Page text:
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  • Writer's pictureBrandon Hicks

Navigating Product Liability Claims in Indiana



In the bustling realm of commerce, where products flow from manufacturers to consumers, the issue of liability looms large. Every state in the United States has its own set of laws governing product liability, and Indiana is no exception. Understanding these laws is crucial for businesses, consumers, and legal practitioners alike.


I. Introduction

In Indiana, product liability claims find their footing in The Product Liability Act, meticulously detailed in Indiana Code 34-20-1-1 through 34-20-9-1. This comprehensive act governs actions brought by users or consumers against manufacturers or sellers for physical harm caused by a product, irrespective of the theory of liability.


II. Products Liability Claims


a. Grounds

The Act outlines the grounds for product liability claims, emphasizing that sellers, leasers, or those involved in putting products into the stream of commerce can be held liable if the product is defective and unreasonably dangerous to users or consumers. This liability extends to foreseeable harm caused by the defective condition, even if the seller exercised reasonable care.

b. Defective Products

A product is deemed defective if it poses unreasonable danger to the expected user or consumer when used in reasonably expectable ways, beyond what reasonable persons would anticipate.

c. Failure to Warn

Failure to provide adequate warnings or instructions about product dangers renders a product defective under Indiana law. Sellers are expected to exercise diligence in ensuring proper packaging, labeling, and instructions.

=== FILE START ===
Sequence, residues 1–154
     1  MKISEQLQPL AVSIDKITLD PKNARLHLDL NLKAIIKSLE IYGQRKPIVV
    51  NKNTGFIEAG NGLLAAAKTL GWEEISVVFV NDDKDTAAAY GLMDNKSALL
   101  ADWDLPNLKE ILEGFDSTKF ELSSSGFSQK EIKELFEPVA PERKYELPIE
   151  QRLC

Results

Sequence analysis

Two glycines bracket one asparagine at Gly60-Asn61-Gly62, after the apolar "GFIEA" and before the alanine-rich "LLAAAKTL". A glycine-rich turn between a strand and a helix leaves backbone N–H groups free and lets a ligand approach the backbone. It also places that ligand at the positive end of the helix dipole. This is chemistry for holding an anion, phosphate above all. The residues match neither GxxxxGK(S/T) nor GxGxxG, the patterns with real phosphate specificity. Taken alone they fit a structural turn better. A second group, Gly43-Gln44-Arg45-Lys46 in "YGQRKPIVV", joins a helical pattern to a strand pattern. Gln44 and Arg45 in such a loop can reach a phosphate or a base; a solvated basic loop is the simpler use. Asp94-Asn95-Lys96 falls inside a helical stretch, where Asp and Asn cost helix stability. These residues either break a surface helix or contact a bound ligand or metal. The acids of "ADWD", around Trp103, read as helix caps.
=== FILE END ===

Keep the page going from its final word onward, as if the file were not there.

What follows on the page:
d. Supplier Liability

Strict liability in tort applies primarily to manufacturers rather than sellers. However, sellers can be liable if they are also the manufacturer or part of the manufacturing process, as outlined in Indiana Code 34-20-2-3.

e. Rebuttable Presumptions

In product liability actions, there's a presumption against defects or negligence if the product conformed to state-of-the-art safety standards at the time of its creation or complied with relevant regulations.


III. Affirmative Defenses

Indiana provides several affirmative defenses for product liability claims, including comparative fault, statutes of limitations, knowledge of defects, misuse, and others, as outlined in Indiana Code.


IV. Damages

Liability for physical harm caused by defective products extends to bodily injury, death, and major property damage. Punitive damages are capped at three times compensatory damages or $50,000, as per Indiana Code.

In essence, understanding the intricacies of product liability laws in Indiana is pivotal for both businesses and consumers. With the legal landscape laid out in the Product Liability Act, stakeholders can navigate the realm of commerce with greater confidence, knowing their rights and responsibilities under Indiana law.


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